FIG. 2a is a schematic diagram of an optical drop circuit for dropping a single channel from a group of multiplexed channels launched into an optical circulator in accordance with the invention;
FIG. 2b is a graph of transmission versus wavelength for the drop circuit of FIG. 2a as seen at the output of port 2 after the Bragg grating FBGλ2;
FIG. 2c is a graph of group delay versus wavelength for the drop circuit of FIG. 2a;
FIG. 2d is a graph depicting the response of transmission versus wavelength for the Bragg grating FBGλ2 in FIG. 2a;
FIG. 2e is a graph depicting the response of group delay versus wavelength for the Bragg grating FBGλ2GDC in FIG. 2a;
FIG. 3 is a schematic diagram of a prior art optical add-drop circuit for dropping a single channel from a group of multiplexed channels launched into an optical circulator and for adding in a channel having the same central wavelength;
FIG. 4a is a schematic diagram in accordance with this invention of an optical add-drop circuit for dropping a single channel from a group of multiplexed channels launched into an optical circulator and for subsequently adding in a channel having the same central wavelength;
FIG. 4b is a schematic diagram showing two Bragg gratings on a same arm of an optical circulator;
FIG. 5 is a schematic diagram in accordance with this invention of an optical drop circuit in accordance with this invention having group delay compensation and for dropping a plurality of channels from a group of multiplexed channels launched into an optical circulator;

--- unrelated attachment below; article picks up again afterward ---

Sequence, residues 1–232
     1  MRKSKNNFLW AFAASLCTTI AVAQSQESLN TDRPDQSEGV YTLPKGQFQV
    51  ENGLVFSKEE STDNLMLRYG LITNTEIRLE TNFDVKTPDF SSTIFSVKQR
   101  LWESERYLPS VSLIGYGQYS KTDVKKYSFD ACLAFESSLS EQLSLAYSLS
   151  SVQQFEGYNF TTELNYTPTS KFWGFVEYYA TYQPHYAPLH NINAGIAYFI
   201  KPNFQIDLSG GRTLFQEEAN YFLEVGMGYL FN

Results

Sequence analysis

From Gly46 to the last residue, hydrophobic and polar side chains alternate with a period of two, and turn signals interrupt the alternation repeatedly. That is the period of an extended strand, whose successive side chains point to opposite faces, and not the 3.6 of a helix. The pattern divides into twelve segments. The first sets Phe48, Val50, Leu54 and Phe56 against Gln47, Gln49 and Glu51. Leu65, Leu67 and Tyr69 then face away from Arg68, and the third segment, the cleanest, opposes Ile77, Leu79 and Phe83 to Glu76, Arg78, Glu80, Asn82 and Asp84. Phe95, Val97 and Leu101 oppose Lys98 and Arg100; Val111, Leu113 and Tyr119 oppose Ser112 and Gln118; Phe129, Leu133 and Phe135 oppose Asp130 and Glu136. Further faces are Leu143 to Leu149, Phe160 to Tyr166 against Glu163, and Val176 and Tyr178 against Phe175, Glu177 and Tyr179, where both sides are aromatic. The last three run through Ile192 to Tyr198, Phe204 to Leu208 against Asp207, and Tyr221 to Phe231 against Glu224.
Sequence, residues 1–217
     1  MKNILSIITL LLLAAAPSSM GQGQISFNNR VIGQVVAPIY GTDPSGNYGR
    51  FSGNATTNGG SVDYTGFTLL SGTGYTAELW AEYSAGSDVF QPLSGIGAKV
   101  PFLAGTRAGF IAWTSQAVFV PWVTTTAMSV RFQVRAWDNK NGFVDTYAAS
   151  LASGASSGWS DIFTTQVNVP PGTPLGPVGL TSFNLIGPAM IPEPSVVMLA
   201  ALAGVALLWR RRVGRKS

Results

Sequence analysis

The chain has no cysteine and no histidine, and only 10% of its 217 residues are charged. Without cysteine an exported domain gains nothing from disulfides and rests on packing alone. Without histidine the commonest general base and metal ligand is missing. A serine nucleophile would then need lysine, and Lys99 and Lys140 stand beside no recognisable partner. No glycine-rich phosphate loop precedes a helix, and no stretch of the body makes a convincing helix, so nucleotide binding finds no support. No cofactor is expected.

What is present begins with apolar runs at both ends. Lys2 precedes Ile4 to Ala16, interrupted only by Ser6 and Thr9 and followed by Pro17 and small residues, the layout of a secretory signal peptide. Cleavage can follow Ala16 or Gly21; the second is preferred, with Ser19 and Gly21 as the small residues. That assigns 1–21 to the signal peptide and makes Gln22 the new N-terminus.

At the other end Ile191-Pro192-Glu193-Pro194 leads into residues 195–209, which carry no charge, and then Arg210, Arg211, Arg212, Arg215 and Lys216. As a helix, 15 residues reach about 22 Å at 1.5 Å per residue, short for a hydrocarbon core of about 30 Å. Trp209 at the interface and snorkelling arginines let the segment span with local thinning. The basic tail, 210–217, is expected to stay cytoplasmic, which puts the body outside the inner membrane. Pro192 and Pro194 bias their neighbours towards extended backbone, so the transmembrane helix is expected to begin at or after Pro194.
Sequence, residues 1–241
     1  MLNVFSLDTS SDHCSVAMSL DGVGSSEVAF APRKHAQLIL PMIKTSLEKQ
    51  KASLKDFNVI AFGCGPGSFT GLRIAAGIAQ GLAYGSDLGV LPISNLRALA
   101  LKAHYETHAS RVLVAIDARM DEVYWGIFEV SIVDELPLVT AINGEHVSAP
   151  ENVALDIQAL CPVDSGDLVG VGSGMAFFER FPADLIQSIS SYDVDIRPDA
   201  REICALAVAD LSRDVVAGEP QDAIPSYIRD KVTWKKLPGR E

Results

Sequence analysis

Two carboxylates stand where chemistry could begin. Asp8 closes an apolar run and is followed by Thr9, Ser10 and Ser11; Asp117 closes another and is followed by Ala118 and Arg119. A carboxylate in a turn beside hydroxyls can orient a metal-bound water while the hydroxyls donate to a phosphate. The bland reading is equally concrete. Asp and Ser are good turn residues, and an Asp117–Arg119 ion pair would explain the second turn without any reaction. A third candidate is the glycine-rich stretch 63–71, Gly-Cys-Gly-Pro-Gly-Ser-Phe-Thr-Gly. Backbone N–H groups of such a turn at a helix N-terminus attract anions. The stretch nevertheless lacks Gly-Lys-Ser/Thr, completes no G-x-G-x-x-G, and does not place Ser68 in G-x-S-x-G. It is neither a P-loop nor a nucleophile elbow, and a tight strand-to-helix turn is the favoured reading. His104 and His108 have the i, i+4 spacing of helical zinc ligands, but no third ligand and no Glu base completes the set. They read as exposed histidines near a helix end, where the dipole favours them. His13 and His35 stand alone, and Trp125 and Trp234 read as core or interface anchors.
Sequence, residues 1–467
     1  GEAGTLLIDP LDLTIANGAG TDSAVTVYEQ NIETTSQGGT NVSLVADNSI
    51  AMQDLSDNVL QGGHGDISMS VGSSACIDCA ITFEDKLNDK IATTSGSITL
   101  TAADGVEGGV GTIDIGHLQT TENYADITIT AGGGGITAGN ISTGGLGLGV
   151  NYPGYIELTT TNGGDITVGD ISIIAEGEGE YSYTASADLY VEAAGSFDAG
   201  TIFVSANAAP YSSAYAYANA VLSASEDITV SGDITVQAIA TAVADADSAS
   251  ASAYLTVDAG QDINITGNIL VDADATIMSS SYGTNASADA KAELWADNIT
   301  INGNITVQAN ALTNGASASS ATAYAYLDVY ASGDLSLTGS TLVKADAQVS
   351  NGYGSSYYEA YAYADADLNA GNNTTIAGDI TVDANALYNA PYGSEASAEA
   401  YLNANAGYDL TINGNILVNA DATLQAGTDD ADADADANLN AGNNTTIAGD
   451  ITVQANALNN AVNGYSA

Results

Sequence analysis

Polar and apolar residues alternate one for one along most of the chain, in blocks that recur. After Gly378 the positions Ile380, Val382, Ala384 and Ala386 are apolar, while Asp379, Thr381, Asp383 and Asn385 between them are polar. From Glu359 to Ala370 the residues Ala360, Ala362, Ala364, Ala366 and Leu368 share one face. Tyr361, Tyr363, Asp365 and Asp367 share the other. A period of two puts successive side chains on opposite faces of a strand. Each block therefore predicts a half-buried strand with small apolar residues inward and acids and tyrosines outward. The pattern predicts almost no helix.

FIG. 6 is a schematic diagram of an embodiment of the invention wherein two optical circulators are configured with Bragg gratings to provide a drop circuit;
FIG. 7 is a schematic diagram in accordance with an alternative embodiment of this invention of an optical drop circuit in accordance with this invention having group delay compensation and for dropping a plurality of channels from a group of multiplexed channels launched into an optical circulator and having dichroic filters for providing demultiplexing of the dropped channels;
FIG. 8 is a schematic diagram of an alternative embodiment of the invention wherein a coupler is used with two Bragg gratings separated by an optical isolator for dropping a channels from a group of channels;
Referring now to prior art FIG. 1, a drop device is provided for dropping a single channel 2, having a central wavelength λ2 and bandwidth of x nanometers, x being a predetermined value from a multiplexed signal comprising n channels. Channel n, it is understood, could represent any one of a plurality of q channels greater than n in the multiplexed signal. A 3-port optical circulator 10 having an input port 1 and sequential ports 2 and 3 provides a means of circulating and isolating optical signals. An in-fibre Bragg grating is disposed within an optical fibre coupled with port 2 of the isolator 10. The grating FBGλ2 is a highly reflective grating in the wave band about a central wavelength λ2 and has a transmission response shown in FIG. 1b.
In operation, a multiplexed optical signal consisting of channels 1, 2 . . . n are launched into port 1 of the optical circulator 10 and are circulated to port 2. The signal is then incident upon the grating FBGλ2 which reflects substantially most of the light energy at wavelengths within the band of channel 2 and transmits the remaining wavelengths associated with channels 1, 3, 4, . . . n. The reflected light associated with channel 2 is then circulated to port 3 of the circulator 10 wherein it is dropped.
However a limitation of this prior art optical fiber Bragg grating drop device of FIG. 1a, is that it does not simultaneously provide high rejection of the wavelengths associated with the dropped signal channel from the through path from port 2; furthermore, it does not provide low adjacent channel cross talk and does not provide a substantially constant dispersion by use of a single grating. FIG. 1c more clearly illustrates the non-linear group delay exhibited by the grating FBGλ2 The dispersion within channel 2 for wavelengths below λ2 is negative and for wavelengths above λ2 is positive.